• in an organisation, in a school, in a street, in your family,

  • the red buttons become irrelevant.

  • A woman came to me last week. She said,

  • "Nice story about green and red buttons,

  • but I'm married to a red button. What do I have to do now?" (Laughter)

  • So we know that optimism and pessimism

  • are spreading like a virus.

  • It's the optimism as well as the pessimism.

  • You know that.

  • When an optimist enters the room,

  • you become an optimist.

  • We see in research that in regions full of optimists, they influence each other

  • Workfloors influence each other.

  • I'm not talking about stupid things.

  • Just a few weeks ago,

  • the United Nations, for the first time in history,

  • published a World Report on Happiness.

  • It's full of statistics that really prove

  • that new priorities are needed.

  • The report talks not only of gross national product,

  • but of gross national happiness.

  • This system works in Bhutan,

  • a country in the Himalayas.

  • The prime minister of Bhutan was invited to New York

  • to come and talk there.

  • We have been making fun of Bhutan,

  • but now it has become an example of good practice.

  • They are not only measuring work,

  • they are measuring harmony:

  • work and the hours of sleep.

  • They are measuring physical health and mental health.

  • In education, they are measuring knowledge and values.

  • It's about harmony and we can learn quite a lot of that.

  • When Herman Van Rompuy wrote a letter

  • to 200 leaders of the world

  • to make "happiness, hope and positive thinking, quality of life

  • in our policies and our social behaviour a priority",

  • I was glad. I was holding his hand while he was writing that letter.

  • He says, "Cynics will immediately dismiss these proposals as naive,

  • but positive thinking is no longer something for drifters and dreamers."

  • It's a science. We can measure it

  • and we can do positive interventions.

  • If we measure on a scale of 1 to 10,

  • Zimbabwe has 2.8 on happiness,

  • China 6.4, Denmark 8.3.

  • There is an influence of social policy on the numbers of people who are happy

  • and we can change that.

  • We can set these new priorities.

  • Do you know --

  • When you see the publicity of lotteries world wide,

  • it's always about sunshine and palm trees.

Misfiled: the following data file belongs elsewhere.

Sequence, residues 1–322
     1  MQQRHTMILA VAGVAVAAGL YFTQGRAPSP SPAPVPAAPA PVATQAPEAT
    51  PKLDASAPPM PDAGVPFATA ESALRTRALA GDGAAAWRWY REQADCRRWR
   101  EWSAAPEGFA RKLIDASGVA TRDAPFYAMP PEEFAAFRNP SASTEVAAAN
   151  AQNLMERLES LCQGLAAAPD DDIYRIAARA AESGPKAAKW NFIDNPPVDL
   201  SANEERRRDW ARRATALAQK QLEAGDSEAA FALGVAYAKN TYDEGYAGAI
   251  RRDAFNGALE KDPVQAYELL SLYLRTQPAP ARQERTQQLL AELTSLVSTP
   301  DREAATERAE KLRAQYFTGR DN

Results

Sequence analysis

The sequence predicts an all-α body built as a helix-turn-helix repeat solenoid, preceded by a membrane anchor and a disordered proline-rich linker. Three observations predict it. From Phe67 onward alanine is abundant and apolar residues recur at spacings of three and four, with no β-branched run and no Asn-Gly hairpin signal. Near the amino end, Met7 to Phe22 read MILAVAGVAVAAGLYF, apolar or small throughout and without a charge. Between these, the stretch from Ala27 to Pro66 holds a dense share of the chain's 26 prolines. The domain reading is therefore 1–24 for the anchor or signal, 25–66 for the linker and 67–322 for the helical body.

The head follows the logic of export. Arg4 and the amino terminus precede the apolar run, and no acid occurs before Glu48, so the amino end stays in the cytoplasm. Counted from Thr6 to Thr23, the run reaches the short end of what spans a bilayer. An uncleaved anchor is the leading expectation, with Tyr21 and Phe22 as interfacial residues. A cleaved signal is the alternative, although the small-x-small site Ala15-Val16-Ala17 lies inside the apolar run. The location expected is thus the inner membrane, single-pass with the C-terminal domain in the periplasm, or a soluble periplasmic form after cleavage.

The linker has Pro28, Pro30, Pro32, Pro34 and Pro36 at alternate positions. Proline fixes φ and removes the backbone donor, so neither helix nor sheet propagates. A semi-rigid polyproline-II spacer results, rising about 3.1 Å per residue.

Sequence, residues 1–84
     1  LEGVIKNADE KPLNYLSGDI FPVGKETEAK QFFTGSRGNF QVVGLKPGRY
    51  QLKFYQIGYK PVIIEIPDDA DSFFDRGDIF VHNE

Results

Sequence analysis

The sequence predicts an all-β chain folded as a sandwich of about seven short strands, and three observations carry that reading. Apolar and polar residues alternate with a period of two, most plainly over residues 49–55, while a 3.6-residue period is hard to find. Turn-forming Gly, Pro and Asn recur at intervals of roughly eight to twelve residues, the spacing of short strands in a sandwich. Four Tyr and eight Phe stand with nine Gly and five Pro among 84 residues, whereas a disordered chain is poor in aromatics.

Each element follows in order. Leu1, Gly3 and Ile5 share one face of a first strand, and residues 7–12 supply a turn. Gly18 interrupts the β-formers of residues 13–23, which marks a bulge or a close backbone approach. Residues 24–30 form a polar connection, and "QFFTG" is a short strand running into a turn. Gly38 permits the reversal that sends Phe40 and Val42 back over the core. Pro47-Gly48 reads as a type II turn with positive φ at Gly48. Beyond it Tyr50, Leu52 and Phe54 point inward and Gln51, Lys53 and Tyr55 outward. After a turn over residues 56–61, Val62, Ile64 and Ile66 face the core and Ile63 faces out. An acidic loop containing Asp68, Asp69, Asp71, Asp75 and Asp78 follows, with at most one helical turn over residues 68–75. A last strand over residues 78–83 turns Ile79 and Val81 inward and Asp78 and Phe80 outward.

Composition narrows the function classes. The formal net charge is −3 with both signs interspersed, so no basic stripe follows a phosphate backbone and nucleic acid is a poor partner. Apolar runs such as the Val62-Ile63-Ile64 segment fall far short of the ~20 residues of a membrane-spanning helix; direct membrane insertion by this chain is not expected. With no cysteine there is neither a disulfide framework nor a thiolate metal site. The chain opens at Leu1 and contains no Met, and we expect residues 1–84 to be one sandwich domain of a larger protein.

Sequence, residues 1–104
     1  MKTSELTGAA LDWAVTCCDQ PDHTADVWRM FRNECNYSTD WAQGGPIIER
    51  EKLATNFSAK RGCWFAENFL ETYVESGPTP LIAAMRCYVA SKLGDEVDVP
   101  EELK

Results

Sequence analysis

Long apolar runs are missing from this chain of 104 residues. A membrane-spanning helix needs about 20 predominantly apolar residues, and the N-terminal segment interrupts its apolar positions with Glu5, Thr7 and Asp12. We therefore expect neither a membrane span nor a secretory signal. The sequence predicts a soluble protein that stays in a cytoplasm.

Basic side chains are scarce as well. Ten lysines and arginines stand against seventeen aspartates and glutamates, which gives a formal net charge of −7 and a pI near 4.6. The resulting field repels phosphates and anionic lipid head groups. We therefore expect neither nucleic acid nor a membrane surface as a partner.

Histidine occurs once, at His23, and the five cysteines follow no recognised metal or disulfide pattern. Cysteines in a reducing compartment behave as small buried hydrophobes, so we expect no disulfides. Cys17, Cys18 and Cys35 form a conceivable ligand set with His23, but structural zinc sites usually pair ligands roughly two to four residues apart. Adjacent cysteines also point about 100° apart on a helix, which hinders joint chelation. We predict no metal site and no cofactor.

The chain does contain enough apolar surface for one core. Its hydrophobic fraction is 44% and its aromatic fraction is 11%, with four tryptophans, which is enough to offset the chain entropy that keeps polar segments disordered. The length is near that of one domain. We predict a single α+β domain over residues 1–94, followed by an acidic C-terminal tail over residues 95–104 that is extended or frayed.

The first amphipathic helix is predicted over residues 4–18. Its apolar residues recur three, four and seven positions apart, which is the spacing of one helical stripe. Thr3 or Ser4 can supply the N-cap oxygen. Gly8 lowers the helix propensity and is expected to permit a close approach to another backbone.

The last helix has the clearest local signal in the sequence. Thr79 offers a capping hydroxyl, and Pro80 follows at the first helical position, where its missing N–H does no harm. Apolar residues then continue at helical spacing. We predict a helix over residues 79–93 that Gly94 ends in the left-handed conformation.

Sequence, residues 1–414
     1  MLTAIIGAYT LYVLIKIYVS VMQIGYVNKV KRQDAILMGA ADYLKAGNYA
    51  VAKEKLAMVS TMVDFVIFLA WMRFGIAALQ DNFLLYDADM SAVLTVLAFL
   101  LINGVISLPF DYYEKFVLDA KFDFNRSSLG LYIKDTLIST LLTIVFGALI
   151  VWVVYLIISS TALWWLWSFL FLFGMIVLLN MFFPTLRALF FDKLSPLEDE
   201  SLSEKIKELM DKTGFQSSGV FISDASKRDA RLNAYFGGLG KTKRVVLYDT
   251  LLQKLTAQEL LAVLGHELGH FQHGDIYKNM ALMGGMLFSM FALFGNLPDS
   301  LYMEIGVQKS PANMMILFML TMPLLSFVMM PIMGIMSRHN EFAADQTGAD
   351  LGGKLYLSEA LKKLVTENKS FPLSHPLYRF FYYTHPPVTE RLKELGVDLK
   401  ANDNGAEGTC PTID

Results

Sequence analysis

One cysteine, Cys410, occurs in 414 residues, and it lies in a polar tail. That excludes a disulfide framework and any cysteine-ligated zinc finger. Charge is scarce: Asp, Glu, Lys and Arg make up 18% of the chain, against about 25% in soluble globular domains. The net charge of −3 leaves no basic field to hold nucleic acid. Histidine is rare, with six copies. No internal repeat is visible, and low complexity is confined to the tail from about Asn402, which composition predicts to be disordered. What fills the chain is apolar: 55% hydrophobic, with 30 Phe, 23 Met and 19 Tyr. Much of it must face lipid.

• I don't know whether you know how many palm trees there are in Denmark,

  • but not that many.

  • It's not about sunshine.

  • When we compare the happiest countries

  • to the countries that are not happy at all,

  • we don't see a difference in sunshine or palm trees.

  • It is about

  • trust.

  • When people trust each other, and trust the institutions,

  • they are happier.

  • And when there is more equality in a country,

  • then people are happier, the rich and the poor,

  • the men and the women.

  • Everybody can be happier.

  • Let's go for a happier world for all

  • and not only for less misery, but for a better world.

  • The best-selling sign in the west

  • no longer is 'Welcome' but 'Beware of the dog'.

  • We have become afraid of everything.

  • There is fear of everything.

  • We are afraid of the muslims, of the Chinese,

  • of everything.

  • Locked up in our houses, we are killing ourselves.

  • We have bought our dogs and our alarm systems.

  • But the great problem in our society is not aggression or violence.

  • It's about solitude.

  • There is fear in our houses.

  • We could change that.

  • The media play an important role.

  • There was a time when magazines were called

  • 'Der Spiegel', the mirror.

  • They are not the mirror of society any more.

  • They have become the keyholes of society,

  • focusing on conflict, on measuring conflict,

  • again and again, making people afraid.

  • A lot of research states that people who see the news

  • and read the papers, become more and more afraid.

  • The reality is the same, but they become afraid

  • reading all these stories.

  • They are focusing on a message of distrust and fear.

  • Do you know the opposite of fear?

  • The opposite of fear is hope.

  • And a crisis is an opportunity.

  • The pessimists will never solve the crisis.

  • Statues are never built for pessimists.

  • There are more optimists in the world.

  • There are more.

  • But the pessimists make more noise.

  • At meetings and gatherings,

  • the pessimists always make more noise.

  • The pessimists are still living in the holes and the caves.

  • The optimistis came out of the caves and holes

  • watching the fire, and the future.

  • Publicity knows that very well:

  • watches all over, always at 10 past 10.

  • Would you buy this watch if it would be 20 past 7?

  • You wouldn't buy it. It's the smile that sells. (Laughter)

  • If they tell me that happiness doesn't sell,

  • I don't believe that.

  • Do you know what's the best-selling meal in the world?

  • Happy meals!

  • Don't tell me happiness doesn't sell! (Laughter)

  • But it is not about pleasure. We found out in positive psychology.

  • We thought that happiness was about pleasure.

  • It's not about pleasure,

  • about sex, drugs and rock 'n roll.

  • I hope you have lots of it, but you won't be happy for that.

  • It is about

  • satisfaction.

  • We are moving from a money economy to a satisfaction economy.

  • There are five elements that build up our satisfaction.

  • World wide, these 5 elements build up our satisfaction.

  • First, the quality of our relationships.

  • The most important thing:

  • our family, our friends, our colleagues, our neighbours.